Many organizations conduct regular penetration tests of their applications and infrastructure. Actually, this is required by certain industry standards such as the PCI DSS. The problem with penetration tests is that it provides a very one dimensional view of the landscape and may not bring out certain underlying issues.
As a consultant I have performed quite a few application penetration tests and vulnerability assessments. In almost every case, the lack of findings was taken as evidence that the application was secure. There is a very significant difference between the fact that no vulnerabilities were uncovered and that the required controls were in place.
There can be instances where there are no findings when the controls are not in place or they are not implemented properly. A lot of people think that if they performed a penetration test of their application and did not find any vulnerabilities, their applications are secure and unbreakable.
Some important factors play a very significant role in the effectiveness of penetration tests. The most important one is the skill of the pen-tester. Obviously, the level of skill and knowledge that the pen-tester has is directly proportional to the chances of finding vulnerabilities. Security professionals come with varying degrees of skill and there are a lot more that just rely on automated tools than there are ones that know what they are doing.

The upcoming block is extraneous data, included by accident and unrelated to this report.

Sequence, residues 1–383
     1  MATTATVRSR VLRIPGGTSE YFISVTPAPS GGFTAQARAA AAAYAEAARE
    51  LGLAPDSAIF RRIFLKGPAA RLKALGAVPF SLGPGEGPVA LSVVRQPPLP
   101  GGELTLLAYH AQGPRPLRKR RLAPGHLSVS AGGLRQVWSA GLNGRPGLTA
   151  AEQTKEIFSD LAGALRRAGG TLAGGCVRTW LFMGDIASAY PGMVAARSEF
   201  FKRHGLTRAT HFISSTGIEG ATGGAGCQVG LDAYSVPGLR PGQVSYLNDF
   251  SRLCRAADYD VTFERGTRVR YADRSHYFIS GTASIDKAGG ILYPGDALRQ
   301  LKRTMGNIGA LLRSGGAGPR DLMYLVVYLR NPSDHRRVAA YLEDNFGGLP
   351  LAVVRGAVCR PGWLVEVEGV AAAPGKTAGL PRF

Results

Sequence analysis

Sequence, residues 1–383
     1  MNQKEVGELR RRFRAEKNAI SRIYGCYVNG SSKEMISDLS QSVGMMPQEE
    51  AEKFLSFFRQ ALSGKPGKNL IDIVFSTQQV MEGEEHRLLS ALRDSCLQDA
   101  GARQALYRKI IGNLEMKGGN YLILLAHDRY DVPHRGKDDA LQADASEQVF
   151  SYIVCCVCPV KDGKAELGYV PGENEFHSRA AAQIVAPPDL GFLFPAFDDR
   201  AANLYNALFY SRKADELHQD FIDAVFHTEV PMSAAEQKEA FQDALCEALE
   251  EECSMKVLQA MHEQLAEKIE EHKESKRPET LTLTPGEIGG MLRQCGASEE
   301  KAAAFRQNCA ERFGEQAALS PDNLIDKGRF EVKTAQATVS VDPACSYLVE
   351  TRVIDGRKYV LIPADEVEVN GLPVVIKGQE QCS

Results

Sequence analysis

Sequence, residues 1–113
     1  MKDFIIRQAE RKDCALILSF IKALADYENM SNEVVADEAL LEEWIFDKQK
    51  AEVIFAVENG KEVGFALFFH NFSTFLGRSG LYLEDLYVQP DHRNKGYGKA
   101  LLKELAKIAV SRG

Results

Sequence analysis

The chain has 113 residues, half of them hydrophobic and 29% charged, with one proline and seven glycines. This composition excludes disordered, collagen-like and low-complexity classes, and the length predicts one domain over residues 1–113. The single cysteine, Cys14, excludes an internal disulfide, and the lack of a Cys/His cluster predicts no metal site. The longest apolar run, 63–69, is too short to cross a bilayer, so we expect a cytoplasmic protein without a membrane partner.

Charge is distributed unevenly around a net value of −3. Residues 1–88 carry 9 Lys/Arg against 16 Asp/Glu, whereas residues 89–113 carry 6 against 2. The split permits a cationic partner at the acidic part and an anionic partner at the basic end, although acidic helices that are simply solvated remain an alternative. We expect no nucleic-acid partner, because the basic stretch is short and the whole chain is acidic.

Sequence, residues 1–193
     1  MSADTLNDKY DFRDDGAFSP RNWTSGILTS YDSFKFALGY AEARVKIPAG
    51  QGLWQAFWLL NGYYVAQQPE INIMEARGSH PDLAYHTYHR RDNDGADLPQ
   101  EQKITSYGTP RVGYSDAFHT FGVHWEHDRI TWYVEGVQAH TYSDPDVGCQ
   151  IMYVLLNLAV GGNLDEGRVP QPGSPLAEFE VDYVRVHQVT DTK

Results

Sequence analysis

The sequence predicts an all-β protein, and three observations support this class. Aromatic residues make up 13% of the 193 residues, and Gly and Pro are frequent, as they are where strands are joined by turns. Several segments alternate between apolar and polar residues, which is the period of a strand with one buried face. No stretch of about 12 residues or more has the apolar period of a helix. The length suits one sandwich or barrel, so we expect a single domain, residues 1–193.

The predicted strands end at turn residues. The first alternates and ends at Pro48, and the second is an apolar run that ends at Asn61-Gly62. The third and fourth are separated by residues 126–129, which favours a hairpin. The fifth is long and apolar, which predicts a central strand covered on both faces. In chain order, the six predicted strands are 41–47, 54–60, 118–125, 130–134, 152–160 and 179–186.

The next factor is how the application is scoped for the pentest. When testing large enterprise apps, the boundaries may have to be defined to include only a part of the application or a subset of applications due to budget, time and other constraints. In these days of multi-layered applications, the effects of a successful test may not be apparent within the boundaries of the test.
On quite a few occasions, I have had to go outside the boundaries to another application, that used the data stored by the application in scope for the test, to verify if there were any vulnerabilities.
One more thing to consider is the fact that most of these tests are performed in a non-production environment. And In a lot of these cases, these environments do not mirror production environments. The differences in application configuration or environment can impact the results of the test. Performing a penetration test on production servers will require some of the tests (that can bring down the servers) to not be included and is not recommended, except against non-critical servers.
While penetration tests definitely have a role to play, it is not advisable to rely solely on them to verify the security of your applications. Threat modeling is something that will help identify issues long before they manifest themselves in code. But that is a topic for another post.